Links for 3/6/18

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Mick Mulvaney (Wikimedia Commons/Gage Skidmore)
Mick Mulvaney (Wikimedia Commons/Gage Skidmore)

In The Washington Post, E.J. Dionne on how conservative political operatives are using the Supreme Court to attack unions, even though the effort cuts against the grain of what conservative judges claim is important. I listened to the oral argument over the weekend and Justices Anthony Kennedy and Samuel Alito were so partisan, I was embarrassed on their behalf.

From the Times of Malta, a profile of piccolo grande uomo Archbishop Charles Scicluna, one of the champions of the fight against clergy sex abuse. The archbishop is back from Chile and we hope his health is on the mend.

Mick Mulvaney, who now heads the Consumer Financial Protection Bureau, likes to take potshots at the woman principally responsible for creating the position he holds. Without the effort of Sen. Elizabeth Warren, D-Massachusetts, there would be no such bureau and consumers would have all the protections we enjoyed back in 2008.

LifeSiteNews and Fr. Linus Clovis confirm the thesis that much of the anti-Francis sentiment we see is really anti-Vatican II sentiment, and that some in this crowd only clung to Popes John Paul II and Benedict XVI to the degree that they represented a rollback of that council. It is time for mainstream commentators, people like George Weigel, Robert Royal and other champions of the last two pontificates to speak up: Were John Paul II and Benedict XVI opposed to Vatican II? Where do they perceive the continuity among all post-conciliar popes? If they are not willing to undertake this argument, then we can safely conclude the opposition is not about principle but about access.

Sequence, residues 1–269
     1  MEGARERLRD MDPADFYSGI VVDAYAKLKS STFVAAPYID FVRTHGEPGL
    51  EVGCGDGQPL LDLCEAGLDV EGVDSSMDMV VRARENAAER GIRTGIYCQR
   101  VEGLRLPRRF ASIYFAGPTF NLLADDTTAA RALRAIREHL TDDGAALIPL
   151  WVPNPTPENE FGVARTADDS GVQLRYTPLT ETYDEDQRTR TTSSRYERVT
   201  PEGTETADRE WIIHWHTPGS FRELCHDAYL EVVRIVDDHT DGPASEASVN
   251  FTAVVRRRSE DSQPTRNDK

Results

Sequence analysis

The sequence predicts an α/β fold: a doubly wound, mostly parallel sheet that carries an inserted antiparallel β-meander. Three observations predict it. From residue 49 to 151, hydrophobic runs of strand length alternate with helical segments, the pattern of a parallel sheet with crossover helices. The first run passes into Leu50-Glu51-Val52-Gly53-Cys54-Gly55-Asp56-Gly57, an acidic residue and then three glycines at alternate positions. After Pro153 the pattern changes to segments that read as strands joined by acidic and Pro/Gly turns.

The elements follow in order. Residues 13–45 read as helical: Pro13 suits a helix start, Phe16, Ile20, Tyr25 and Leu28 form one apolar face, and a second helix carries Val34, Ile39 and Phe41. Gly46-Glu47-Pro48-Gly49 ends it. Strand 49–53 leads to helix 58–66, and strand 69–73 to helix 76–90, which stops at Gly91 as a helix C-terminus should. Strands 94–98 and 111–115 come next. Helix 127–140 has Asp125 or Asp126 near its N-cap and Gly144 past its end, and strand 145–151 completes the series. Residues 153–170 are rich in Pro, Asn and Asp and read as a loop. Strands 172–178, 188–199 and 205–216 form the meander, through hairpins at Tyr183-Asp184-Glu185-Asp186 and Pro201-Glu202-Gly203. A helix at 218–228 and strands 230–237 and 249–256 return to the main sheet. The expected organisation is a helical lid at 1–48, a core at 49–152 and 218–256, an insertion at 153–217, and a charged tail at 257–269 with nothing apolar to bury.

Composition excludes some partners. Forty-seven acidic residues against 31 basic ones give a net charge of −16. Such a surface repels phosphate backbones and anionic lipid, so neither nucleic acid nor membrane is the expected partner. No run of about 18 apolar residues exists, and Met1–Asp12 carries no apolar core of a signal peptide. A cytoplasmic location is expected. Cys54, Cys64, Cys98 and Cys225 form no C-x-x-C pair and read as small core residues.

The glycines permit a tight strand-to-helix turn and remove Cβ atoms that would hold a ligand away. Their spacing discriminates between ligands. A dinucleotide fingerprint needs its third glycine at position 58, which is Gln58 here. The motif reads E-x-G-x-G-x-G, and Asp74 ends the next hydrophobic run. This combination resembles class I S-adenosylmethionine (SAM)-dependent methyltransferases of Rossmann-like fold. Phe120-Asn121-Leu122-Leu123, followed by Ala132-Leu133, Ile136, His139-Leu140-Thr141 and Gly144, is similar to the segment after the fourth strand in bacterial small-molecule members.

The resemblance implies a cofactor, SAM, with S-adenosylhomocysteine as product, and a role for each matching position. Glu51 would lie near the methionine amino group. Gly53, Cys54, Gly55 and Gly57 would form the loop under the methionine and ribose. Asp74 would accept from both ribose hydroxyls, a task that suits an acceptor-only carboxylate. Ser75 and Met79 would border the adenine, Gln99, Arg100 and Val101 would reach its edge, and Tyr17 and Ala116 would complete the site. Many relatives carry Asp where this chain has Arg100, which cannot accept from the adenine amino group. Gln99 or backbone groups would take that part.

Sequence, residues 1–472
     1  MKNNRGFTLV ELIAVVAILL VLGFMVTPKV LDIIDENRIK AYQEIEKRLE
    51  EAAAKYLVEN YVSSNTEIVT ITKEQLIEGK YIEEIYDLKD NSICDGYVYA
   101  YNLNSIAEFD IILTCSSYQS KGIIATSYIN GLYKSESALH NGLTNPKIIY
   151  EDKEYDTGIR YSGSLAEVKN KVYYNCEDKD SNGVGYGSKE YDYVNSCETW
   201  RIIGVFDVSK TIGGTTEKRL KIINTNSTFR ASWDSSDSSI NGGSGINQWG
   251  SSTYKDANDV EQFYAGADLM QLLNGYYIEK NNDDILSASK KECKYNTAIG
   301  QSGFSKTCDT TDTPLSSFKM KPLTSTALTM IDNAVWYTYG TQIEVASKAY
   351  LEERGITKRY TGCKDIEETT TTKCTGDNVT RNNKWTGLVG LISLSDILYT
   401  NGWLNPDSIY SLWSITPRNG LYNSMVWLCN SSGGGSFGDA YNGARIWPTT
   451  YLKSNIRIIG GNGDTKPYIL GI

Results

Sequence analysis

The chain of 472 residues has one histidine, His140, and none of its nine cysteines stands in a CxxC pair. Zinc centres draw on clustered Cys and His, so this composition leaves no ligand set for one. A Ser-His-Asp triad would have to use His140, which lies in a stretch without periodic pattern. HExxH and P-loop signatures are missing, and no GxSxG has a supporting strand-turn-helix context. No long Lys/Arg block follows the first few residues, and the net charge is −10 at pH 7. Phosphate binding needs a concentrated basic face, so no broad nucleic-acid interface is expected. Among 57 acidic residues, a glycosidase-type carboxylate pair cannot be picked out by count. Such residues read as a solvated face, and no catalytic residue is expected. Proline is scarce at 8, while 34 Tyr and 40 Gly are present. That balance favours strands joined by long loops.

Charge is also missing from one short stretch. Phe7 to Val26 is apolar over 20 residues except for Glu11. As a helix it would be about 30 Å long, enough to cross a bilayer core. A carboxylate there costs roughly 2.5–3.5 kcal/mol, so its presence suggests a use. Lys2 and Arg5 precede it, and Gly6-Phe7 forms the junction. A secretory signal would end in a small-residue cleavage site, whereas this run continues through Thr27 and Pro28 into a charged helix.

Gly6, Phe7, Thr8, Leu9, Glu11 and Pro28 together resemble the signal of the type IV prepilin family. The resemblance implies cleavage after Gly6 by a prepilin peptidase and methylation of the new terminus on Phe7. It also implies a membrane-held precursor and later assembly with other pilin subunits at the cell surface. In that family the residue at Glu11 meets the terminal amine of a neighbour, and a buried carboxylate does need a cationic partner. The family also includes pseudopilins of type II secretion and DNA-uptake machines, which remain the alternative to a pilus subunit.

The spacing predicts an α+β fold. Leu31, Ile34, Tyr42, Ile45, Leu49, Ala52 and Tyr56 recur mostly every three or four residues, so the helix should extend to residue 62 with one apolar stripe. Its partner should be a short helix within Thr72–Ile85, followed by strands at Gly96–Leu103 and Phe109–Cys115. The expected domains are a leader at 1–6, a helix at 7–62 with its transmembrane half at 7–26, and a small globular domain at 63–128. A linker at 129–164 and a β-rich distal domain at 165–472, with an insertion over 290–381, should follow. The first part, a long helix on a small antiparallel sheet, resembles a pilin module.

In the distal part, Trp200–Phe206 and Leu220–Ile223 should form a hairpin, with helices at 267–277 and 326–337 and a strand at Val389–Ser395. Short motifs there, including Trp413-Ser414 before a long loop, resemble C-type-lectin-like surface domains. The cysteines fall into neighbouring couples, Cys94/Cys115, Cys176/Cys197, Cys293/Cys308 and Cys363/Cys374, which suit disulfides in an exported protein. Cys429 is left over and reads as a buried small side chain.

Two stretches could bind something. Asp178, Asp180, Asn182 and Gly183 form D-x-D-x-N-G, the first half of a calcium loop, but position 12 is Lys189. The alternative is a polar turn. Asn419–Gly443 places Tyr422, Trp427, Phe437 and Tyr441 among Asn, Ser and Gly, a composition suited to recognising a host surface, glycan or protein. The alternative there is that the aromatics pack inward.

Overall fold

Speaking of opposition to Pope Francis — and to Catholic social teaching more generally — watch EWTN's Raymond Arroyo discuss immigration and interview Phil Lawler in last week's episode.

World Over - 2018-03-01 - Full Episode with Raymond Arroyo

This show reaches a lot more people than LifeSiteNews does, and it is time for church authorities to have a long discussion with EWTN's board.

Sometimes you win a political argument because your arguments are persuasive and your witness convincing. Certainly watching these young people from Marjory Stoneman Douglas High School in Parkland, Florida, shame the adults into taking action on gun control is a shining example. But it helps when the other side in the discussion proves itself to be completely berserk. The Moonies blessing assault rifles because they represent the biblical "rod of iron" is a shining example of the latter.

[Michael Sean Winters covers the nexus of religion and politics for NCR.]​

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